Changes aimed at easing transition to Solvency II

Insurer Solvency II Europe

The PRA has modified the UK’s capital standards requirements so insurance companies can submit information using models and systems they have developed for Solvency II.

The Individual Capital Adequacy Standards (ICAS) that UK-based insurers have to meet will remain in force until the long-delayed European financial security regime for the insurance sector is up and running.

But the financial services watchdog has updated the standards so that firms can submit their data using internal models and computer systems that they will have to use under Solvency II. The capital requirements will not change.

Companies have spent large sums of money developing the models and systems only to find the launch date for the new regime has receded further into the future. The EU puts the figure for the whole Eurozone at €2-3bn, while industry observers estimate the cost to UK firms has reached £200million.

PRA chief executive officer Andrew Bailey told yesterday’s ABI conference: “The official implementation date for Solvency II of  1 January 2014 is clearly unrealistic and late last year we set a new planning horizon of 31 December 2015 for the UK industry.

“During that period we are allowing firms to put to use the significant investment in Solvency II internal models to meet the current regulatory requirements under ICAS – referred to as ICAS plus.

“We believe the UK’s current prudential framework for insurers is a good basis for a smooth transition to the new regime under Solvency II.”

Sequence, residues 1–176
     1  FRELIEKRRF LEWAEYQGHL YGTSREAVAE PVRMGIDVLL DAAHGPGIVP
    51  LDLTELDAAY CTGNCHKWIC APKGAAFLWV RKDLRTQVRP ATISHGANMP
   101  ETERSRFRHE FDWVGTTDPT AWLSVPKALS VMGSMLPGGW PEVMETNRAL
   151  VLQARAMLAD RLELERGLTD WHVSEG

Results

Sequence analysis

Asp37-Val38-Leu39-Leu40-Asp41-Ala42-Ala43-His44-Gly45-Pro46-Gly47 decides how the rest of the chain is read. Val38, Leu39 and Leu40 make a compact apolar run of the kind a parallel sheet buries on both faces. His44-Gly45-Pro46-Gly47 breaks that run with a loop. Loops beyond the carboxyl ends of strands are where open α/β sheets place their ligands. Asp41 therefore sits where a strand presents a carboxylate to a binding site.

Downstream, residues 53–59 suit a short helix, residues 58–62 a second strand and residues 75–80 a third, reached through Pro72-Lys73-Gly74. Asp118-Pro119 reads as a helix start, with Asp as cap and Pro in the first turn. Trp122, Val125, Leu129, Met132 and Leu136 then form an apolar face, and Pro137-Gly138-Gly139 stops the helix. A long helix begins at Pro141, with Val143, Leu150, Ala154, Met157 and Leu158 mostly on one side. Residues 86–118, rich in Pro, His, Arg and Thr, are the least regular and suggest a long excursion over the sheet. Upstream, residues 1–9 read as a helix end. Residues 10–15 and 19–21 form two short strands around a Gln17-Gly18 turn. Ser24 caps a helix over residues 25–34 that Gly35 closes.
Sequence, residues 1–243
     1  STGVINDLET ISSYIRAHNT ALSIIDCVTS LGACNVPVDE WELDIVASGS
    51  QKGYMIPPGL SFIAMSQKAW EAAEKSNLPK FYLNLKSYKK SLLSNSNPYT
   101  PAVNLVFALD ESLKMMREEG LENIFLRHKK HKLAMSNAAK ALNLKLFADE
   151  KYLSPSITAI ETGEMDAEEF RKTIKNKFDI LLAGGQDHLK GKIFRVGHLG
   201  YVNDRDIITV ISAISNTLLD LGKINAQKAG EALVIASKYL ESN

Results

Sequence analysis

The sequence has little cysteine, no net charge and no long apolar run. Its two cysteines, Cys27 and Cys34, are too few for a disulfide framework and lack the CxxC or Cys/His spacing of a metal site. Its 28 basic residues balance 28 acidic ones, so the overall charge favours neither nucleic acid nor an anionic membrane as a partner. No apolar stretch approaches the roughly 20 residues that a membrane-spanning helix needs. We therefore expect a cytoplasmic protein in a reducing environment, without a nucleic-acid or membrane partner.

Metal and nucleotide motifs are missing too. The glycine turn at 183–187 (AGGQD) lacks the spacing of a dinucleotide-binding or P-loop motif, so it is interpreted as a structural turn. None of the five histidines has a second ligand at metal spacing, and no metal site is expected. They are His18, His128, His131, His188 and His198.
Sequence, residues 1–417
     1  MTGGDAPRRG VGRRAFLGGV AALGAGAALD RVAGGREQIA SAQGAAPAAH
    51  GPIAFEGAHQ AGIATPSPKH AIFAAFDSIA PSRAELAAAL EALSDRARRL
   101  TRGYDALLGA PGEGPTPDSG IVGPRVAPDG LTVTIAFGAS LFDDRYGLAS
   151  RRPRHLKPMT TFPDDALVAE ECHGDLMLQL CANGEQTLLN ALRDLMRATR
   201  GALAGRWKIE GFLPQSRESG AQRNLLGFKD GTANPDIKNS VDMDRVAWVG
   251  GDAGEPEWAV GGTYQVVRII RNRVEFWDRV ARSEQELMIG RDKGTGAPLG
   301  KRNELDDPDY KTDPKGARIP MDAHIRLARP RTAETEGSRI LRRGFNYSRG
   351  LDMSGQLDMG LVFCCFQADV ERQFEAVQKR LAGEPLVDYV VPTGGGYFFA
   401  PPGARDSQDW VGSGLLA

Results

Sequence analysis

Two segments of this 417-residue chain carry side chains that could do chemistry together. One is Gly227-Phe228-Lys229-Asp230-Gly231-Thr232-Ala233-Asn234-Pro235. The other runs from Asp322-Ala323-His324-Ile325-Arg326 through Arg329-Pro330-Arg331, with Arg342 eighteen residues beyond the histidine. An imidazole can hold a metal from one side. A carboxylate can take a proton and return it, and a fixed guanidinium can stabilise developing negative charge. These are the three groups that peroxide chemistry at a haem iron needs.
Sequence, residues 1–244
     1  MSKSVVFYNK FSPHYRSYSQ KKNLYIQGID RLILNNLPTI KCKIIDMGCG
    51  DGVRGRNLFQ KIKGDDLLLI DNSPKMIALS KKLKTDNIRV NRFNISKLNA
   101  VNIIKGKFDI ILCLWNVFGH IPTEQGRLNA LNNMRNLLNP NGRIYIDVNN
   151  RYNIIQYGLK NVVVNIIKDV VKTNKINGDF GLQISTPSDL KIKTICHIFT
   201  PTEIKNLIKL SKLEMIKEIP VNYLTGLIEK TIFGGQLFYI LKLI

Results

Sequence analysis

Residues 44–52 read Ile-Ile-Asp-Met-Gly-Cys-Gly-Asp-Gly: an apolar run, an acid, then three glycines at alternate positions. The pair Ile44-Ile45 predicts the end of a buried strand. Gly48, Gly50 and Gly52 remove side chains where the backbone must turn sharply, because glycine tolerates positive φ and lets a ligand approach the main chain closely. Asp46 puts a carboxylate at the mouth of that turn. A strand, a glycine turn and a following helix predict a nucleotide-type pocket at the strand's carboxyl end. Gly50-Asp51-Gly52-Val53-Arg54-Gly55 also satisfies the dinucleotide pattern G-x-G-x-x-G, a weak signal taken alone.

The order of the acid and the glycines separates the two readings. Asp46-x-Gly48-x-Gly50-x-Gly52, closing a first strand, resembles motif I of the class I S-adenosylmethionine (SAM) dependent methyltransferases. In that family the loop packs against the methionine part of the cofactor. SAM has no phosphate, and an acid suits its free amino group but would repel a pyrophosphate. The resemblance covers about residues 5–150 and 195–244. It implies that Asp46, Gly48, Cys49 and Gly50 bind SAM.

Bailey said ICAS plus would also incorporate the self-assessment models that firms have developed under Solvency II’s second pillar, governance and risk management.

“We believe that the Solvency II Own Risk and Solvency Assessment (ORSA) will help give us a better understanding of an insurer’s business,” he said. “It is therefore logical for us to make early adjustments to our existing regime to incorporate the ORSA under ICAS plus. This will mean that UK insurers are better prepared for the introduction of Solvency II.”

Early warning indicators based on metrics that differed from those used in companies’ internal models were also being used to monitor the models’ appropriateness to changing circumstances.

“In cases where the indicator’s threshold is breached it will trigger an immediate supervisory response,” Bailey said. “A capital add-on is, in all but exceptional cases, likely to be the most effective way to restore compliance with the Solvency II calibration requirement - 99.5 per cent over a one-year period.

“Importantly, we expect that where internal models are used for regulatory capital purposes, they should contribute to prudent risk management and measurement. They should be updated regularly in order to reflect the insurer’s risk profile  - and not just to ensure compliance with the letter of our requirements.”

Early warning indicators have been set at a level between Solvency II’s solvency capital requirement and minimum capital requirement. When firms fall below the threshold, the PRA will go in and require them to hold additional capital.

Bailey said the PRA had a separate division for insurance, which had been divided into two directorates, for life insurance and general insurance. For supervision purposes it divided firms into five categories.

Category one companies posed the greatest risk to PRA objectives due to their size, interconnectedness, complexity and business type  - attracting a corresponding share of supervisory attention - and category five the least. Firms had been told which category they fell in.